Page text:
-The boards will not be jointed into one larger panel. The wife wants the slotted look (and has signed off on the pitfalls of cleaning it). I’m thinking about an 1/8” gap between boards. The concern here is how to hold the whole top together and resist cupping. I’m considering breadboard ends, but I like the look better without them. Would a few proper cleats (counterbored slotted holes, no glue) on the bottom be sufficient? Or use biscuits also? In which case I could possibly forgo the 1/8” gap and instead maybe do a small roundover or rabbit on each board to fake the slotted look.

-The top can be secured via normal buttons/slot or tabletop fasteners. I realize since my frame sits level with the table top, I’ll have to leave a gap between it and the boards. I’m hoping ¼” will be enough.

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Preliminary Sketch Up pics:

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Inspired by these:

Example of the way I want the top to look (sort of):


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Example of the slatted look (as opposed to jointed, flat, and smooth).

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^Side note: Is there any functional point to attaching a breadboard end with only pocket screws instead of a mortise and tenon? Seems like this would be counterproductive to allowing wood movement and wouldn’t help that much with cupping.

-- ~Walker


7 replies so far

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Walker

150 posts in 676 days


#1 posted 12-24-2017 07:13 AM

Here is an alternative design. This one might have more stability, with 5 cross pieces rather than 3 and the additional long rail on the bottom. Aesthetically I’m torn, not sure which design I like better. This one the frame would look more bulky, but also the top would appear to be floating, which is sort of cool. The downside to this one is any chairs on the end would not slide under the table, and anybody sitting there would likely be uncomfortable with the obstacle by their feet.

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-- ~Walker

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Woodknack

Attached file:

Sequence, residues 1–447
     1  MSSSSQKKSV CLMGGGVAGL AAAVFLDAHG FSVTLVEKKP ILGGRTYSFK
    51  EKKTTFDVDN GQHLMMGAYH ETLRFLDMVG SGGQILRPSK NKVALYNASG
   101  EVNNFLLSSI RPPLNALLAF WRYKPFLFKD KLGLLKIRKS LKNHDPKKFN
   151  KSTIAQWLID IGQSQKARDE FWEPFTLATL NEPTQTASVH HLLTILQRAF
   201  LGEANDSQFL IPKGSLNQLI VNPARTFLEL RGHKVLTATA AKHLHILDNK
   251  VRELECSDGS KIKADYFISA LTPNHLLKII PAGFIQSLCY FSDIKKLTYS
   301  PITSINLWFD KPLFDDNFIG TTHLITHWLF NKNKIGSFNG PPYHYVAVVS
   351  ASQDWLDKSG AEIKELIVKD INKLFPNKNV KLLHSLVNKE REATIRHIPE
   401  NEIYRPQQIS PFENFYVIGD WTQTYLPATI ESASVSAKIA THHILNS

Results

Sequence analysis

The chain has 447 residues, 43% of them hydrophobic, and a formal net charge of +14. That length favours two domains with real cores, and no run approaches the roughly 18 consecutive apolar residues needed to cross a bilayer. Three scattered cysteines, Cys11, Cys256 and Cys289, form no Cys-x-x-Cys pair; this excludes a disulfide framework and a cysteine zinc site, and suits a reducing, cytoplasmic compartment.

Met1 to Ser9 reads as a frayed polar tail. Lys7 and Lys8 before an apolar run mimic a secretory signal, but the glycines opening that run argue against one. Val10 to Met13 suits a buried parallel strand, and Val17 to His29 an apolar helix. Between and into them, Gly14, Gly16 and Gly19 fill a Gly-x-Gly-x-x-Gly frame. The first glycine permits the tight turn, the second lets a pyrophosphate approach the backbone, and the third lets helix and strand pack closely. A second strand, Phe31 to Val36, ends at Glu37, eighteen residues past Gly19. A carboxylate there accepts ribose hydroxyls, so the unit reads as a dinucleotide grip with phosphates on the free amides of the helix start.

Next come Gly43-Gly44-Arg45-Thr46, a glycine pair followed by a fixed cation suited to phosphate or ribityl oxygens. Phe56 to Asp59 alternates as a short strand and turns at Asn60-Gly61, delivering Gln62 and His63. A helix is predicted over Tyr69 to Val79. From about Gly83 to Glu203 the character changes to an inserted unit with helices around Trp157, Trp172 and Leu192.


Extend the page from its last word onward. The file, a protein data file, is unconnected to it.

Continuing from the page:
12431 posts in 2583 days


#2 posted 12-24-2017 07:26 AM

This is fairly complex for a table, definitely not a beginner project.
-Center stretcher is unnecessary on a table that small, especially with 4/4 top. But you are doing planks, not a solid top so consider battens instead. It will have to be planks as a solid top wouldn’t be able to expand.
-Way overbuilt for a table that small.
-Don’t know anything about Striplox. Load capacity isn’t the primary concern but resistance to racking. That problem is already solved with normal table designs. Custom table will probably require a custom solution.
-I think wood is the wrong material for what you want, metal would be better. The usual way of making wood joinery tight but able to be taken apart is wedges: tusk tenons, screws, lag screws.

-- Rick M, http://thewoodknack.blogspot.com/

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JBrow

1366 posts in 1123 days


#3 posted 12-24-2017 04:59 PM

Walker,

The rustic top your wife is after can be achieved by either buying recycled lumber and using it as is or buying and milling lumber and finishing the top to give your wife the shabby look she is after.

The recycled lumber idea will likely result in a rustic look but the lumber may be cupped, twisted, etc. This would allow items set on the table to rock and move around. Some light planing, scraping, and/or sanding can remedy some of these issues, but the patina is removed in the process. Recycled wood could be expensive. The planks could be held together with battens spaced about every 2’ down the length of the top. However, the gap between the planks could allow the battens to be a catch-all for bread crumbs and the like. Edge-gluing recycled would be challenging. The absence of a flat reference face against the jointer fence could produce straight edges that when brought together would not produce a flat top. However, jointing the two mating edges at the same time with a hand plane could produce better results in a glue-up.

The alternative of milling lumber for the top can result in a flat table top. The milled stock could then be edge glued with the corners knocked off with a slight chamfer or round over for the rustic look (as you suggested). I would think a block plane haphazardly used to create a chamfer would leave a more rustic look. Or, the planks could be unglued and assembled with battens. Getting to the rustic look by denting and staining the wood could be a lot of work and challenging. Some woods take stain better than others. A wood that is stained and leaves botches could spoil the look. If this route is considered, it could be beneficial develop a finishing protocol on some sample boards. When the wife signs off, then the top could be built.